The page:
The third thing that needs to be said is that, even discounting that, only the left and center is concerned about ending tribalism. The right is addicted to Fox News, talk radio, and other right-wing sources of news that tells them there’s nothing wrong with their own politics and the problem is all those dastardly liberals out there, and distrusts anything outside that bubble as part of the vast liberal conspiracy to undermine America’s conservative norms. So long as the left wants to embrace bipartisanship but the right remains distrustful of their motives, the left merely becomes a tool to help the right ramrod their politics down the throats of the rest of America. Until the right is willing to become as introspective as the left, the left’s only recourse is to become as tribalistic as the right.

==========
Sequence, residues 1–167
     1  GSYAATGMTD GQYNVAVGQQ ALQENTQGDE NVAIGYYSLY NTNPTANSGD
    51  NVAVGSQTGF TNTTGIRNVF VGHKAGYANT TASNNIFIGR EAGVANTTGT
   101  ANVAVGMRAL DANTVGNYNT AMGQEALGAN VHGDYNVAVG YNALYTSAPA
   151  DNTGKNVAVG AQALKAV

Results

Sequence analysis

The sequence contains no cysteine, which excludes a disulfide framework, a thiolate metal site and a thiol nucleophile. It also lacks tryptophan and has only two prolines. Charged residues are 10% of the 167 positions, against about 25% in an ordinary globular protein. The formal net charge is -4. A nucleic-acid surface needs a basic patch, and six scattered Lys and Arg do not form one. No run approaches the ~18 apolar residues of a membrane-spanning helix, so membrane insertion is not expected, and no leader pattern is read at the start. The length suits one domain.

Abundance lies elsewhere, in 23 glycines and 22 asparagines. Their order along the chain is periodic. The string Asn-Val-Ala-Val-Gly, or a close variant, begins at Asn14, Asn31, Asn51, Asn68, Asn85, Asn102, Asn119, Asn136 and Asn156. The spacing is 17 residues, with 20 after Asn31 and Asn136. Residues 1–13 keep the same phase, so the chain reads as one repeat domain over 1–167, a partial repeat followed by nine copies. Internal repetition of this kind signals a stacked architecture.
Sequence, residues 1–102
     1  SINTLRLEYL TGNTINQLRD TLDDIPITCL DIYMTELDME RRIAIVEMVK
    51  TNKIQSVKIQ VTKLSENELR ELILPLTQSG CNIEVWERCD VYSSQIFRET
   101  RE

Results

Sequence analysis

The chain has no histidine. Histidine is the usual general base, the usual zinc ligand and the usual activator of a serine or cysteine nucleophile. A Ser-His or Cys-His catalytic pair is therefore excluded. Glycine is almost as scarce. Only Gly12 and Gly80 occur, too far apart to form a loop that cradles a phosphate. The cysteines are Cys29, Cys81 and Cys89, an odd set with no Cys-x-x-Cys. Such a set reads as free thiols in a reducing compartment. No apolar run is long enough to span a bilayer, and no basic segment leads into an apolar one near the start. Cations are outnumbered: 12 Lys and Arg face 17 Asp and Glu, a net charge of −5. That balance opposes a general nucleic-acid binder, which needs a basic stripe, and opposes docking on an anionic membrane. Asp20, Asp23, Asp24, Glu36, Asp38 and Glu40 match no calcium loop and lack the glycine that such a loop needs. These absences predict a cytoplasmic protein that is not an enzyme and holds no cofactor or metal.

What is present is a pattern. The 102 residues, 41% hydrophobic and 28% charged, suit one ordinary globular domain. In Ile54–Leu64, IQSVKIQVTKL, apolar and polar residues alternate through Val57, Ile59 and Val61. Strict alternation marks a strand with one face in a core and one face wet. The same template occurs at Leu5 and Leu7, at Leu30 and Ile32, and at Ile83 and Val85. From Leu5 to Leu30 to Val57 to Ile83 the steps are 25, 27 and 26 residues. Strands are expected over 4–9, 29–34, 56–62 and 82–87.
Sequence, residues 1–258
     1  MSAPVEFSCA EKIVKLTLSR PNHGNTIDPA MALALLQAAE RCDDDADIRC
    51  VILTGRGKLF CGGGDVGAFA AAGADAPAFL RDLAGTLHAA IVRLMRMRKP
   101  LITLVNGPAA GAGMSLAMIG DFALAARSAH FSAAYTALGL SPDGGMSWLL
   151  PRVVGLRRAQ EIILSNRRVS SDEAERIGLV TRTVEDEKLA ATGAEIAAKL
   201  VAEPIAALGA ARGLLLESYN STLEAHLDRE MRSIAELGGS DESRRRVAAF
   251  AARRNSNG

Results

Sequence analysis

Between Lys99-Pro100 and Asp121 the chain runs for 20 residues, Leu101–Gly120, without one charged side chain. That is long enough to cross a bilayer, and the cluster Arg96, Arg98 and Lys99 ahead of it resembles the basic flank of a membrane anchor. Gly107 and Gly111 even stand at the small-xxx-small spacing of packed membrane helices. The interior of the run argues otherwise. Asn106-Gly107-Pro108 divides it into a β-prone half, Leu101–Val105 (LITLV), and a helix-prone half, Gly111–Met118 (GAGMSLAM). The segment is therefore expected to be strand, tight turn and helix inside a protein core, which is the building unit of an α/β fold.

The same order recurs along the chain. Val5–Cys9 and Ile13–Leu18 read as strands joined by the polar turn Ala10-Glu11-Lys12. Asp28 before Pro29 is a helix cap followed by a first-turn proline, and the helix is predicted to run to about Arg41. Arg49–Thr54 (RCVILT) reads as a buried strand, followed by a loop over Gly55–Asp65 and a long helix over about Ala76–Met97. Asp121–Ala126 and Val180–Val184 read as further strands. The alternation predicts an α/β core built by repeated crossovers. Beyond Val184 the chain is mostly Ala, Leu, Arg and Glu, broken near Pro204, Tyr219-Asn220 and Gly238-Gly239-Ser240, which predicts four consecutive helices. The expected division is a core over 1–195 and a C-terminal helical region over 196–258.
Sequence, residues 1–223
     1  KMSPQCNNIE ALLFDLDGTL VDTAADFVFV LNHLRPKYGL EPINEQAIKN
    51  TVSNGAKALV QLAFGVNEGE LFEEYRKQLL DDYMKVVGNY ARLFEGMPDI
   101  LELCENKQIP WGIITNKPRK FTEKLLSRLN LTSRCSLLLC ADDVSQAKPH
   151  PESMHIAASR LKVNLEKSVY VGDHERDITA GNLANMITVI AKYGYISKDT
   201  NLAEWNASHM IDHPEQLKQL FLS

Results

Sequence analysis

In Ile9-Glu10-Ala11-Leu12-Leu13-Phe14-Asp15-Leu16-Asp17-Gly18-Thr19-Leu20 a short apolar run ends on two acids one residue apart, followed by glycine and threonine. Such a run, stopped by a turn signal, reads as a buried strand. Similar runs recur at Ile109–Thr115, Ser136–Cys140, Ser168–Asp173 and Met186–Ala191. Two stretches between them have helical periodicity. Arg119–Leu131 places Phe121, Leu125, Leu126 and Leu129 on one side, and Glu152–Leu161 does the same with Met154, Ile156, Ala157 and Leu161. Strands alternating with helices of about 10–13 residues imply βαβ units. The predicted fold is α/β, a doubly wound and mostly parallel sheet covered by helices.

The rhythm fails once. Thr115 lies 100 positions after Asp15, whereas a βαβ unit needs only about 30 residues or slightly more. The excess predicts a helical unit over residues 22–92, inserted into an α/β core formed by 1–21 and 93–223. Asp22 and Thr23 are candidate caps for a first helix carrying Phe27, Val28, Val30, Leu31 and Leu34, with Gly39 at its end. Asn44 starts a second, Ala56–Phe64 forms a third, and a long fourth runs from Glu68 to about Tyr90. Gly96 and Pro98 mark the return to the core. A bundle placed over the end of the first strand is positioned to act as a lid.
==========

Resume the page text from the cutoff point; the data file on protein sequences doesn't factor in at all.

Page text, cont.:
I bring that up last because it brings me to the fourth and perhaps most important thing that needs to be said: there is no motivation for the right to become more introspective, or for Republican politicians or right-wing media to encourage or engage in such introspection. Why would they? They control the White House and both houses of Congress and are one death or retirement away from setting the course of the Supreme Court for a generation – and not only that, despite the historic unpopularity of both Donald Trump and Congress, it would be nearly miraculous for Democrats to take control of either house in 2018, thanks to gerrymandering of House districts and a Democratic wave election five years ago leaving the Democrats with few opportunities to gain Senate seats and plenty of opportunities to lose them. The Republicans have, in theory, rigged the system to all but insulate them from any accountability, to the point of stretching our democracy to the breaking point. In their mind, the only constituents that matter are their extremists, and for many Republican politicians, the only election that matters is the Republican primary. There is no price for stoking tribalism, there are only huge rewards. The left is left to appeal to “norms” and “morals” and to the notion that what the Republicans have done is “wrong”, words that seem hollow in the wake of the Republicans’ success. When the Republican base doesn’t care about the left’s “norms”, and the Republican party sees little to no negative consequences for flouting them, do those “norms” really exist in any substantial, practical form?